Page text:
Fertility, Flowers, and Free Love: These are May Day's Pagan Origins
If you dig deep enough into history, you’ll find that most modern holidays steam from pagan traditions. With the rise of Christianity, many religious leaders repurposed pre-existing pagan holidays to fit a Christian mold to gain access to more of the population and ease the transition from one religion to the next. May Day is no exception. Recognized on the first day of May, May Day is a time to celebrate spring and all the comes with it (think: a beribboned Maypole). But May Day is actually the daughter of three deeply pagan traditions that welcomed the height of spring and offered transmutable material for many of the Christian traditions still embraced today (spoiler: hares, eggs, and beans, the hallmarks of Easter, are all synonymous with fertility). Here are three springtime bacchanals that predate May Day.
Often cited as the earliest May Day celebration, Floralia was celebrated in ancient Rome from April 28–May 3 to honor Flora, the Roman goddess of flowers, spring, and fertility. Floralia was an expectedly wild party for the ancient Romans, and saw them trading white togas for more colorful clothing—or no clothing at all. The festival included a set of public games know as the Ludi Florales, which featured a gladiator contest, theatrical performances, and circus events. Hares and goats, considered fertility animals, were released during the celebration. Ancient Romans were also encouraged to scatter beans—another symbol of fertility—on the steps of Flora’s temple during the festivities. Floralia was known to be a party for prostitutes, who, in ancient Roman society, were slaves and outcasts. During Floralia, sex workers were not only allowed to observe social events but actively partake in them by dancing naked and fighting in faux gladiator combat.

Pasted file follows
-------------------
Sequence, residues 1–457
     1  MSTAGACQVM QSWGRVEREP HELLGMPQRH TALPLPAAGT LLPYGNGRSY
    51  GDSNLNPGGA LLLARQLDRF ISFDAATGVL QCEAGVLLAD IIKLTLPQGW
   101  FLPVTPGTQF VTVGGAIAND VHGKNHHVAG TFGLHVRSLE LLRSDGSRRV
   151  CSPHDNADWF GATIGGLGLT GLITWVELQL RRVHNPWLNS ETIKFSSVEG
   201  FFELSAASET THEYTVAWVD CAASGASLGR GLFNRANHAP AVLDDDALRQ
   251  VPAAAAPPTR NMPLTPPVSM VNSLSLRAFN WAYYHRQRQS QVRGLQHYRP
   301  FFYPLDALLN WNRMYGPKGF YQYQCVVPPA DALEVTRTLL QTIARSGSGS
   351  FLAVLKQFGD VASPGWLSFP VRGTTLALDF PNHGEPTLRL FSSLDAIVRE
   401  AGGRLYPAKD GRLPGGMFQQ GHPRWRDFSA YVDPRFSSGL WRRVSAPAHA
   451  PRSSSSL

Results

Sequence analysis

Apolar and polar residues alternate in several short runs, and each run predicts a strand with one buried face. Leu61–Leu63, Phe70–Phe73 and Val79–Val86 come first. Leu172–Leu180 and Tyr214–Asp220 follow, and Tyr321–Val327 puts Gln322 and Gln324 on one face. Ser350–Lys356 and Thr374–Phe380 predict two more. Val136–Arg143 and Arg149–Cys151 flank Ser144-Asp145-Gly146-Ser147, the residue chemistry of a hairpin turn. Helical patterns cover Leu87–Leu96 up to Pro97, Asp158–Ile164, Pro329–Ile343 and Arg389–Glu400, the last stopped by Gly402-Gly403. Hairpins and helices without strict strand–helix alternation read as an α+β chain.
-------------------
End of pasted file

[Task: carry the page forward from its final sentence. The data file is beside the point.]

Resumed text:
Beltane is Wiccan Sabbat, and was originally observed throughout Ireland, Scotland, and the Isle of Man. Held on the evening of April 30–May 1 (halfway between the spring equinox and the summer solstice) the holiday was a nod to the Celtic god Bel (meaning “bright one”), as well as the general life force of light, and was a time to welcome new life and fertility. Beltane can be translated as “bright fire,” and, expectedly, fire played a major part in the revelries. The event kicked off on the night of April 30 with a huge bonfire around which people danced, played music, and made love all night in the woods—a practice called going a-Maying. Participants decorated their homes with flowers and plants such as primrose, rowan, hawthorn, hazel, and marsh marigolds to increase fertility and good fortune. Beltane was also a time in which the aos si (the Irish name for elementals like fairies and spirits) were most active in the mortal realm. People would leave milk on their doorsteps or at the base of trees as an offering to the fairies.
Walpurgisnacht—also known as Walpurgis Night, Hexennacht, or Witches’ Night, depending on who you ask—was a German holiday, celebrated on the eve of April 30–May 1. With its heavy focus on costumes and witchcraft, Walpurgisnacht was almost like an old world incarnation of what we now call Halloween. According to German folklore, on Witches Night’ it was believed that witches would meet on the highest peak in the Harz Mountain of central Germany. The witches were said to fly around the mountain as the humans harkened the beginning of spring, dancing around bonfires to increase the chances of fertility.
This pagan tradition shifted somewhat with the arrival of Christianity: Hexennacht became Walpurgisnacht, and Walpurgisnacht became a holiday to honor the English Saint Walpurga, who is credited for driving witches out of Germany. Rather than associating the bonfire with spring and fertility, the bonfire was suddenly said to drive out witches. People began to dance around the bonfire in costume, banging pots and pans to scare away spirits. Some hung foliage from their homes meant to protect themselves. The history of Walpurgisnacht is the ultimate example of a pagan holiday turned on its head to uphold Christianity.
So this May Day, welcome spring with both hope for the future and a backward glance. And good luck keeping your clothes on!
Art by Evie Shaffer
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